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Proceedings of the National Academy of Sciences of the United States of America

Retinol saturase promotes adipogenesis and is downregulated in obesity.


PMID 19139408

Abstract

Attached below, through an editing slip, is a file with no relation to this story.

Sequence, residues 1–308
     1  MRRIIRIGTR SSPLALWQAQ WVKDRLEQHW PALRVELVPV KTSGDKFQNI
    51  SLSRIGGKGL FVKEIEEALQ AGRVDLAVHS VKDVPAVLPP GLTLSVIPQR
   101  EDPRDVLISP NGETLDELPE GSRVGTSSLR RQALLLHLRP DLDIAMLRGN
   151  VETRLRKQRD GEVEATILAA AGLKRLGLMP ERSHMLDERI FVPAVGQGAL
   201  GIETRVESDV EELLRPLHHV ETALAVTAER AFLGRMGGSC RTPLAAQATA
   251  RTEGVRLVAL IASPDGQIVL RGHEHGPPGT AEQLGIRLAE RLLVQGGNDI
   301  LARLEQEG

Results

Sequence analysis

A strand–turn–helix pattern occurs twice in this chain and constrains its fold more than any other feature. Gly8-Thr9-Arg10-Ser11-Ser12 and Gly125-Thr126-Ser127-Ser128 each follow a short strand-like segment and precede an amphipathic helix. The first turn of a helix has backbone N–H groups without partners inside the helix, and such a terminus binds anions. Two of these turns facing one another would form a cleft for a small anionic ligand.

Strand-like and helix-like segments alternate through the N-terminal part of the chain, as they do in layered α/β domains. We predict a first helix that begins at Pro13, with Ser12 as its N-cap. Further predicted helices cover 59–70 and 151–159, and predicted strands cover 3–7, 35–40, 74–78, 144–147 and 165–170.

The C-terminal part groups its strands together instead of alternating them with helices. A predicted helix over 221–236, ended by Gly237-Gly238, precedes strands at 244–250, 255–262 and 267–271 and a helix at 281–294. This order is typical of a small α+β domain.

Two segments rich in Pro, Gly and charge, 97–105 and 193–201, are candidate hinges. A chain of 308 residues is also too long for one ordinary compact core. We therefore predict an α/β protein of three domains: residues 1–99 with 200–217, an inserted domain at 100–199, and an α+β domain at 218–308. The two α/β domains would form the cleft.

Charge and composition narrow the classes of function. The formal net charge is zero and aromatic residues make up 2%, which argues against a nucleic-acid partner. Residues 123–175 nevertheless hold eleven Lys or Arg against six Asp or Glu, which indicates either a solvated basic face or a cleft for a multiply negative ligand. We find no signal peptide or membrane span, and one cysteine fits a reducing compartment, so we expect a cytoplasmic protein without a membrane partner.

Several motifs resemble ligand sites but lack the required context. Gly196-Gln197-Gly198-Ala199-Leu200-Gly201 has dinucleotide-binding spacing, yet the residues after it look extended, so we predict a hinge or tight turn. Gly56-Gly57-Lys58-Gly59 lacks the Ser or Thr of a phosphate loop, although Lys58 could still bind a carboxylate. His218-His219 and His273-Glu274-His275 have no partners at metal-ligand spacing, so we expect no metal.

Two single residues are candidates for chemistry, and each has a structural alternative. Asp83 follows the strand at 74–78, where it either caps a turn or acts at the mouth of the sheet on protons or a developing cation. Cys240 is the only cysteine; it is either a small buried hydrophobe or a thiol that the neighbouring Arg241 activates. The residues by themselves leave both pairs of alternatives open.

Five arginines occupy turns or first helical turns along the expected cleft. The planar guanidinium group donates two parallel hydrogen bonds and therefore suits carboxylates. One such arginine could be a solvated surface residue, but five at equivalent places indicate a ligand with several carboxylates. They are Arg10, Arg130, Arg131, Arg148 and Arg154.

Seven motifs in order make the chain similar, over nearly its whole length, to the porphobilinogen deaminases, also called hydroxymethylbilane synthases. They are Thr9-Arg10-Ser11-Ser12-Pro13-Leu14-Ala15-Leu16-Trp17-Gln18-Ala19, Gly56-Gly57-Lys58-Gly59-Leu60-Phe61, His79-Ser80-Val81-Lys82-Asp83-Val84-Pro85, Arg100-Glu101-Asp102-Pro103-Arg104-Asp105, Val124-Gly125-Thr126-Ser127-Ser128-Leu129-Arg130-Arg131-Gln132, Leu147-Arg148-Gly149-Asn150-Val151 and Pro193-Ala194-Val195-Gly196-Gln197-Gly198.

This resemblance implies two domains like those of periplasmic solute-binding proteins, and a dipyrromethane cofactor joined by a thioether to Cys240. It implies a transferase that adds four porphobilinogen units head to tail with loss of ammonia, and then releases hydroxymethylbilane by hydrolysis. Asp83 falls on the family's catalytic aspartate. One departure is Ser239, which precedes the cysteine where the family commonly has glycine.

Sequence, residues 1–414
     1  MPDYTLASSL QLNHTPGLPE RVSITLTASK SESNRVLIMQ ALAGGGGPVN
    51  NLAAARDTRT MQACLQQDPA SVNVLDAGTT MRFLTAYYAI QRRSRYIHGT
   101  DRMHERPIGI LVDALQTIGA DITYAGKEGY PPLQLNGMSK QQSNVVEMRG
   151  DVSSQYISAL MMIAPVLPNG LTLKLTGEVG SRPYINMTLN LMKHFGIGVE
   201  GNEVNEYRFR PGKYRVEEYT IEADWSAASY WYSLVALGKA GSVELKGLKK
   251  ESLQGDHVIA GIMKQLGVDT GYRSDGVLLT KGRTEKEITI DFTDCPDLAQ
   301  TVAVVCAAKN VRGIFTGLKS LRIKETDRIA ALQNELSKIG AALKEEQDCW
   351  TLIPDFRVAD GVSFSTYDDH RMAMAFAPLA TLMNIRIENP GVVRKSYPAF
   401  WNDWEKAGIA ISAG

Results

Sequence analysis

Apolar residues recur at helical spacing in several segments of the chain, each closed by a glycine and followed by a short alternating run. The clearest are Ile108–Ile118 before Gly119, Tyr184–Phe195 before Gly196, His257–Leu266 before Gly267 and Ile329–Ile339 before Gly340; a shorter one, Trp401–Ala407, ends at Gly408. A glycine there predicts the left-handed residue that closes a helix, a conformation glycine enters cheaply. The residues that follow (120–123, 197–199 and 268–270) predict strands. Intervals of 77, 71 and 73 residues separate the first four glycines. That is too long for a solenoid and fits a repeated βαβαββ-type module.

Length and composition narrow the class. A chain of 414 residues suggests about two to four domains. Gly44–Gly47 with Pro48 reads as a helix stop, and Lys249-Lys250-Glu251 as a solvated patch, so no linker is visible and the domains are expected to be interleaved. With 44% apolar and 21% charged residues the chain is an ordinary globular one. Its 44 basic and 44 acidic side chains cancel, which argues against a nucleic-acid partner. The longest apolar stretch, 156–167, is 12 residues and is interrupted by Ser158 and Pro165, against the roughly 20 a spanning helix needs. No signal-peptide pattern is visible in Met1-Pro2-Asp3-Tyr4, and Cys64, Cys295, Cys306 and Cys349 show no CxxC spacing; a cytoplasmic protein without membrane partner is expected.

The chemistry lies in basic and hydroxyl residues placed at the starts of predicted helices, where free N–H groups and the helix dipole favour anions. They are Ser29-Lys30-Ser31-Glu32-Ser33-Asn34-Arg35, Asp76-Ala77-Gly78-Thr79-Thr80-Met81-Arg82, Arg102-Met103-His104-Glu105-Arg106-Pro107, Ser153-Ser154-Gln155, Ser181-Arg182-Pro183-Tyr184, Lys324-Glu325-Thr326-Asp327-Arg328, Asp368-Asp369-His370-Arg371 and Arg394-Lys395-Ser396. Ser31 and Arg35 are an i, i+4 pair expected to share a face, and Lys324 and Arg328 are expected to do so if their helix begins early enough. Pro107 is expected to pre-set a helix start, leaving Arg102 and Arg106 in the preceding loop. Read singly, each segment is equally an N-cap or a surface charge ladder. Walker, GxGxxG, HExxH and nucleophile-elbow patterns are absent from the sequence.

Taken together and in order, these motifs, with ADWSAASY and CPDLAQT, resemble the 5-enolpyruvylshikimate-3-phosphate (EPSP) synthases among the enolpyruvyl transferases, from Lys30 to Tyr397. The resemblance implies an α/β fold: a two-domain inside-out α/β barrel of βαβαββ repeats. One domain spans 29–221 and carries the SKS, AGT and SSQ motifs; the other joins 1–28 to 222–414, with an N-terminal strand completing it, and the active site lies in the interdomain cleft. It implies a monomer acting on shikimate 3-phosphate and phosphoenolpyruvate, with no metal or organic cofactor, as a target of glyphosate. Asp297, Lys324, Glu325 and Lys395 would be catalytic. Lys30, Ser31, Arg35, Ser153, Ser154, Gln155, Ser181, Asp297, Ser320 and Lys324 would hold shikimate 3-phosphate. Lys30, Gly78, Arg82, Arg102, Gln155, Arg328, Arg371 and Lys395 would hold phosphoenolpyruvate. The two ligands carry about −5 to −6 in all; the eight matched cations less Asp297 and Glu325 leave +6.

Adipocyte differentiation is controlled by many transcription factors, but few known downstream targets of these factors are necessary for adipogenesis. Here we report that retinol saturase (RetSat), which is an enzyme implicated in the generation of dihydroretinoid metabolites, is induced during adipogenesis and is directly regulated by the transcription factor peroxisome proliferator activated receptor gamma (PPARgamma). Ablation of RetSat dramatically inhibited adipogenesis but, surprisingly, this block was not overcome by the putative product of RetSat enzymatic activity. On the other hand, ectopic RetSat with an intact, but not a mutated, FAD/NAD dinucleotide-binding motif increased endogenous PPARgamma transcriptional activity and promoted adipogenesis. Indeed, RetSat was not required for adipogenesis when cells were provided with exogenous PPARgamma ligands. In adipose tissue, RetSat is expressed in adipocytes but is unexpectedly downregulated in obesity, most likely owing to infiltration of macrophages that we demonstrate to repress RetSat expression. Thiazolidinedione treatment reversed low RetSat expression in adipose tissue of obese mice. Thus, RetSat plays an important role in the biology of adipocytes, where it favors normal differentiation, yet is reduced in the obese state. RetSat is thus a novel target for therapeutic intervention in metabolic disease.